Identifying human papillomavirus vaccination practices among primary care providers of minority, low-income and immigrant patient populations Journal Article


Authors: Bruno, D. M.; Wilson, T. E.; Gany, F.; Aragones, A.
Article Title: Identifying human papillomavirus vaccination practices among primary care providers of minority, low-income and immigrant patient populations
Abstract: Objective: Minority populations in the United States are disproportionally affected by human papillomavirus (HPV) infection and HPV-related cancer. We sought to understand physician practices, knowledge and beliefs that affect utilization of the HPV vaccine in primary care settings serving large minority populations in areas with increased rates of HPV-related cancer. Study design: Cross-sectional survey of randomly selected primary care providers, including pediatricians, family practice physicians and internists, serving large minority populations in Brooklyn, N.Y. and in areas with higher than average cervical cancer rates. Results: Of 156 physicians randomly selected, 121 eligible providers responded to the survey; 64% were pediatricians, 19% were internists and 17% were family practitioners. Thirty-four percent of respondents reported that they routinely offered HPV vaccine to their eligible patients. Seventy percent of physicians reported that the lack of preventive care visits for patients in the eligible age group limited their ability to recommend the HPV vaccine and 70% of those who reported this barrier do not routinely recommend HPV vaccine. The lack of time to educate parents about the HPV vaccine and cost of the vaccine to their patients were two commonly reported barriers that affected whether providers offered the vaccine. Conclusions: Our study found that the majority of providers serving the highest risk populations for HPV infection and HPV-related cancers are not routinely recommending the HPV vaccine to their patients. Reasons for providers' failure to recommend the HPV vaccine routinely are identified and possible areas for targeted interventions to increase HPV vaccination rates are discussed. © 2014 Elsevier Ltd.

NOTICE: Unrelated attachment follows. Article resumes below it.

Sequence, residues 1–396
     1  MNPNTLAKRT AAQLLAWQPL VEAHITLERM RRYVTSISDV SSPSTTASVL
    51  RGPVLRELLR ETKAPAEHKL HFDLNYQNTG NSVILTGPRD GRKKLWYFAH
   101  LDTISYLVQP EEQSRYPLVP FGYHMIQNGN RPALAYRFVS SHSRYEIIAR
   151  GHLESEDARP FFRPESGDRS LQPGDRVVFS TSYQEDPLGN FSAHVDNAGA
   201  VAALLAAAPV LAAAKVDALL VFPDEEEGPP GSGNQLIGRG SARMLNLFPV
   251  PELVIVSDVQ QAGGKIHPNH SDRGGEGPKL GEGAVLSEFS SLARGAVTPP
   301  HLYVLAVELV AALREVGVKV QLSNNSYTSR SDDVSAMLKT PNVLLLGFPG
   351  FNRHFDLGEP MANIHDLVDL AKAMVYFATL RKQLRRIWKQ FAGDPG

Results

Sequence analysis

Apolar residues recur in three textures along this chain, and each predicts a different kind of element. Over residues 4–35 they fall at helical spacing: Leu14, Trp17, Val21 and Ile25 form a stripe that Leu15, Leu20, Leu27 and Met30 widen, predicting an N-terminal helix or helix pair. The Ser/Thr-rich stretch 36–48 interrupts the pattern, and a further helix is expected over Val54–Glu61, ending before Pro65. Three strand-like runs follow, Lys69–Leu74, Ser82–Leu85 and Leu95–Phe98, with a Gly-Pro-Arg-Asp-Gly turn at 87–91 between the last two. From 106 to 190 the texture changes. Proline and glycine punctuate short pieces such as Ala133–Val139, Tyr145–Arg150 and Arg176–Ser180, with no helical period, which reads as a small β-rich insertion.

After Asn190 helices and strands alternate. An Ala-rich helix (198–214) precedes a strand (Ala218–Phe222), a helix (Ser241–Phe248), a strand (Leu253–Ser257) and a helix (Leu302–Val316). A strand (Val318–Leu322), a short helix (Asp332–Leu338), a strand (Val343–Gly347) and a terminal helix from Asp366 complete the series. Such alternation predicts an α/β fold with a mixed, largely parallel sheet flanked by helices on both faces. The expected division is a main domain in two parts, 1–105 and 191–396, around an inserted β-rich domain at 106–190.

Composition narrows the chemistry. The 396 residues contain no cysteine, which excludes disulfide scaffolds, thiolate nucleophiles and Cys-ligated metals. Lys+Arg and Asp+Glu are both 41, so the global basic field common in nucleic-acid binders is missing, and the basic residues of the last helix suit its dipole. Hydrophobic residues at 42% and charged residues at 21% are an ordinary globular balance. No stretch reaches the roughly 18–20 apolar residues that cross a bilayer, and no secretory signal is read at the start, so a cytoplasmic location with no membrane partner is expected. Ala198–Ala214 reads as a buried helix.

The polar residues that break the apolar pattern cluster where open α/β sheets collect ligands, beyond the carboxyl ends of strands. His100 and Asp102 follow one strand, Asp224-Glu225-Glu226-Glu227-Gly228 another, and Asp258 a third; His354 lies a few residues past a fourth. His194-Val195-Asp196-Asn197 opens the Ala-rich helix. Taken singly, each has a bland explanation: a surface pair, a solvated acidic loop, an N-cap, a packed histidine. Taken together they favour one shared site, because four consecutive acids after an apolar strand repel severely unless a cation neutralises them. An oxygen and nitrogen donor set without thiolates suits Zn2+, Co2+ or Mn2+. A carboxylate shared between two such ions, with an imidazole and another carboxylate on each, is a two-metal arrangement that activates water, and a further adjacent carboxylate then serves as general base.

Keywords: adult; controlled study; aged; quality control; cancer prevention; uterine cervix cancer; vaccination; cross-sectional study; drug treatment failure; general practitioner; ethnic group; normal human; human experiment; internist; wart virus vaccine; lowest income group; health care practice; papillomavirus infection; immigrant; human papillomavirus vaccine; human; male; female; priority journal; article; hpv vaccine and primary care providers; hpv vaccine barriers; pediatrician
Journal Title: Vaccine
Volume: 32
Issue: 33
ISSN: 0264-410X
Publisher: Elsevier Inc.  
Date Published: 2014-07-16
Start Page: 4149
End Page: 4154
Language: English
DOI: 10.1016/j.vaccine.2014.05.058
PROVIDER: scopus
PMCID: PMC4107630
PUBMED: 24886959
DOI/URL:
Notes: Export Date: 1 August 2014 -- CODEN: VACCD -- Source: Scopus
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MSK Authors
  1. Francesca Mara Gany
    101 Gany